True story. I was recently speaking with a colleague regarding a shared client. As we were discussing this client’s situation, my colleague – who is an outside, independent consultant — shared the following story with me.

My colleague received a call from Joe (not his real name), the owner of a mid-sized mechanical contracting business. Joe, whose business is growing and evolving, was thinking he had outgrown his current software and asked for help evaluating new software. Joe had been using the same software for over 20 years, and was ready to invest in another program if necessary.

My colleague sat down with Joe and his team and started gathering their requirements and putting together a wish list. Joe was looking for stronger CRM, field-to-office time sheet and work order processing, better WIP reporting, and paperless processing.

My associate did his requested due diligence, researched applicable software programs, and put together a presentation for his client. The first slide was a recap of requirements. Next was a list of those requirements matched against selected software programs, ranked accordingly (software names were hidden). Everyone in the room agreed on what was needed, and then the name of the best fit-ting software was revealed.

Lo and behold, the best ranking software was ComputerEase, their current application! The purpose of this story is to point out that new is not always better. Sometimes the best option is to invest in what you already have. With a better understanding of your current product capabilities and a willingness to update processes, there is much to be gained in overall efficiency at little cost.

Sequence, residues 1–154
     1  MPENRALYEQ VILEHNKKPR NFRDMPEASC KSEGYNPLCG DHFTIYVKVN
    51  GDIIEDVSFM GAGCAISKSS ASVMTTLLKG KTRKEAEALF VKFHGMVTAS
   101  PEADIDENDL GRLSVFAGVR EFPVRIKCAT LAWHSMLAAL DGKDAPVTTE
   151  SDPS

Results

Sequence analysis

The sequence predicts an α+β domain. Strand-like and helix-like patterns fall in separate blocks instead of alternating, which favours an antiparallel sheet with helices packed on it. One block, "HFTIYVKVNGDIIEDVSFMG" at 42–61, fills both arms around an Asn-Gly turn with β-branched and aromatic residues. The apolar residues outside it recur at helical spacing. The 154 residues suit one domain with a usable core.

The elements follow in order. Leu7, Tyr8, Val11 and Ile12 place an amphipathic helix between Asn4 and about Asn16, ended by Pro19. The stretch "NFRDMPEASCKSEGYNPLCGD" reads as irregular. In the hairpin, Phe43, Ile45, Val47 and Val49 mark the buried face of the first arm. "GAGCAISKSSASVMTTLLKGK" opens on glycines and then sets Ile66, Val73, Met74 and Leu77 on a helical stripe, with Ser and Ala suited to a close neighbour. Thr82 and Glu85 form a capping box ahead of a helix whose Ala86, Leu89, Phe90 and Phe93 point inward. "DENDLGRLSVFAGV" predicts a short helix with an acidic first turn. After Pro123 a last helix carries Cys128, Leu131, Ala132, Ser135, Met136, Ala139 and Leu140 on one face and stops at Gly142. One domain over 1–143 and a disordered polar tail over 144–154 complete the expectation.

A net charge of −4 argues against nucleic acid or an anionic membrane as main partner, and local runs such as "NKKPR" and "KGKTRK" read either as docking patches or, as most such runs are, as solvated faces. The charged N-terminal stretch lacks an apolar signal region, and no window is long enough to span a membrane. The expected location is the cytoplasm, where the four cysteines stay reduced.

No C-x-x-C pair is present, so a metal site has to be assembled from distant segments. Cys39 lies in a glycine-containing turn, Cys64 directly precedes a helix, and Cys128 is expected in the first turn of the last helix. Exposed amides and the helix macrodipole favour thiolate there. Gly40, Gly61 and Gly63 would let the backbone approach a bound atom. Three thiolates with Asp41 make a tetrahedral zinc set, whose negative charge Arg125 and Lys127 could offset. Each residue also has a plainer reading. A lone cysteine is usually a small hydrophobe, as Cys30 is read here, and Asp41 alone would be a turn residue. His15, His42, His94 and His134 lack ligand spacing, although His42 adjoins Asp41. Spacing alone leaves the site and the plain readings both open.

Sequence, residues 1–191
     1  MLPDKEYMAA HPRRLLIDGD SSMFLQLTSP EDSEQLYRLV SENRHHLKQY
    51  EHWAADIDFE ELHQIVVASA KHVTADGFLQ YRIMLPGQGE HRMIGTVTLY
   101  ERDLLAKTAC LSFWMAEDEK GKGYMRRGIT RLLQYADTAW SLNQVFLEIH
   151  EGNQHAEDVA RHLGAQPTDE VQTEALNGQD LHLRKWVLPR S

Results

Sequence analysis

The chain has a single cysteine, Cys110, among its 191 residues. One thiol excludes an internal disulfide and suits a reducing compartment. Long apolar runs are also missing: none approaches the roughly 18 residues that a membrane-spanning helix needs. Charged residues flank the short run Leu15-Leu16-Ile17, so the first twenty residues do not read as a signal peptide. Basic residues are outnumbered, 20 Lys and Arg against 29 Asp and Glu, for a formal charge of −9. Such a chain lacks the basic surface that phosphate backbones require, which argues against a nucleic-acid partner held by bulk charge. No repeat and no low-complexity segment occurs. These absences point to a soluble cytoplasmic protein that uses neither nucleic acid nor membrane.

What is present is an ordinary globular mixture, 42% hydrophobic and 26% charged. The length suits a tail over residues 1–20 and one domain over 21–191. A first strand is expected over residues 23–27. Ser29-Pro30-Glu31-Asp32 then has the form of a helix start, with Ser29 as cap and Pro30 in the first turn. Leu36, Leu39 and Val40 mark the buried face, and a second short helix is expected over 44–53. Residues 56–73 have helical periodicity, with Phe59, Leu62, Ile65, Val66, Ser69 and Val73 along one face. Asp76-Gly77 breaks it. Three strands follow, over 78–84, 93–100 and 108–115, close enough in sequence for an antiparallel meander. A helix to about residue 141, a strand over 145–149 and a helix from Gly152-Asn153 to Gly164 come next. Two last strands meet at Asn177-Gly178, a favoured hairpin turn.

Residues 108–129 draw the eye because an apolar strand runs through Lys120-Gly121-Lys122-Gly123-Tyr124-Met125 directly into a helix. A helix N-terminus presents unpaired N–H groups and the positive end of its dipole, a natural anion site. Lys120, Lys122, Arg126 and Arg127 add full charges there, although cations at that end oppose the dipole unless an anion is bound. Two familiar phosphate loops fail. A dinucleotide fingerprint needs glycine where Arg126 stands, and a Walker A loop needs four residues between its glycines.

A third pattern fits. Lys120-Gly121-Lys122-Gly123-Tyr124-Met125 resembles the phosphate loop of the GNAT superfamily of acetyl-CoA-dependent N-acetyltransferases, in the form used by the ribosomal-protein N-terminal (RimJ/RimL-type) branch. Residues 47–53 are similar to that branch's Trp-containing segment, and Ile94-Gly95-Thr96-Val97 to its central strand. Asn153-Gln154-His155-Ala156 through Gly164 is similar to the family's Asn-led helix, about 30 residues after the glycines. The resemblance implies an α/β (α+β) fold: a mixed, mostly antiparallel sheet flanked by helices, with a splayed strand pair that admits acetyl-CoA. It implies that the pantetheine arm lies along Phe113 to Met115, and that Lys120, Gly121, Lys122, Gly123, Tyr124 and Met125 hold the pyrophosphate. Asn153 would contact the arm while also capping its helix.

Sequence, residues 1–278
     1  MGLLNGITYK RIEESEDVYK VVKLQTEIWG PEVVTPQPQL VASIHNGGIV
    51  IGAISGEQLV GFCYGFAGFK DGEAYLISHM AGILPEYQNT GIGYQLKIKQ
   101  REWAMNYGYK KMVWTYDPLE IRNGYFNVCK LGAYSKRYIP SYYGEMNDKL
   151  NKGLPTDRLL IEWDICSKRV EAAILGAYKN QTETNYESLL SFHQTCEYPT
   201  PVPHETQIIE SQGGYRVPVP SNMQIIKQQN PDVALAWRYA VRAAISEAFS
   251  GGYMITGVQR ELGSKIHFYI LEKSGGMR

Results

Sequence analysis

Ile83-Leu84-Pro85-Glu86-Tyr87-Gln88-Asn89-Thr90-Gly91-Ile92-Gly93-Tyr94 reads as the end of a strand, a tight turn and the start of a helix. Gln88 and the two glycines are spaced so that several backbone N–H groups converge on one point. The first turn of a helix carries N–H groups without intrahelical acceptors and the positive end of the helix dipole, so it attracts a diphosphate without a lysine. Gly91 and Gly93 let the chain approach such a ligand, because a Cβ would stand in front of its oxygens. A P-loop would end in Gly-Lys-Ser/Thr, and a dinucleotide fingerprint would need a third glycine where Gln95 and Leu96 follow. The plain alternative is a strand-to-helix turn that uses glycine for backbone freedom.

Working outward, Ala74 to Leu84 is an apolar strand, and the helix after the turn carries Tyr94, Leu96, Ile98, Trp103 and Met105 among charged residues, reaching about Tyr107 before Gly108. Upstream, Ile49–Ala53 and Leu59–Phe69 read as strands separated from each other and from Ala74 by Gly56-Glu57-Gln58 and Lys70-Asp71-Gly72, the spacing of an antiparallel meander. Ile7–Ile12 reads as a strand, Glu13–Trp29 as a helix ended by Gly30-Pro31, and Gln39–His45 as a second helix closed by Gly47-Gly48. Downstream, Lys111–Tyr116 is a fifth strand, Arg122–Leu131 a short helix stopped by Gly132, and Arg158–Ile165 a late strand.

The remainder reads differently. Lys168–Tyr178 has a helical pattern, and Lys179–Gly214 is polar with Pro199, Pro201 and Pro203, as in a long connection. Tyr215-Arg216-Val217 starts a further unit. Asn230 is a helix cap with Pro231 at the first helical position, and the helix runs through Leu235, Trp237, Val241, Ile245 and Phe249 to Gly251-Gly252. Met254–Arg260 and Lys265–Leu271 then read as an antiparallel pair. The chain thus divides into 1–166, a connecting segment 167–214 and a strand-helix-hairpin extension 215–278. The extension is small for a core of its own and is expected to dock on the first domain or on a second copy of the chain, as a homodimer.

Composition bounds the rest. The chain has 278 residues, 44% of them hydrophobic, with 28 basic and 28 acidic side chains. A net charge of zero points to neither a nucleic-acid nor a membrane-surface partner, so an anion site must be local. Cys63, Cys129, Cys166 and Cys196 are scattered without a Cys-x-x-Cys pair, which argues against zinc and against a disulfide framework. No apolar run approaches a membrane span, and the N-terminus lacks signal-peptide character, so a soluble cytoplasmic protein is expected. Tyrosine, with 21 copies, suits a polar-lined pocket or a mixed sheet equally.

Good software constantly evolves and adds new features and functionality. We’ve discovered that most of our clients can’t keep up with the new features in software releases, and are only using a small portion of ComputerEase’s functionality. Also, it might not be new software you need, but only more training and/or consulting.

How well are you utilizing all the functions and features of your software? How often do you review your processes and procedures for efficiency? Can you automate any of your manual processes? The practice of periodically reviewing your business needs and mapping them to your software is a good habit to get into.

When talking to a new prospect about purchasing ComputerEase, we do a needs analysis for them — just like my outside consultant friend did for Joe. It’s important to know what gaps exist, and whether the software you’re proposing will be a good fit for them. We can do the same analysis with your existing ComputerEase program. Give us a call at 888-523-2568 to arrange a time for a review today.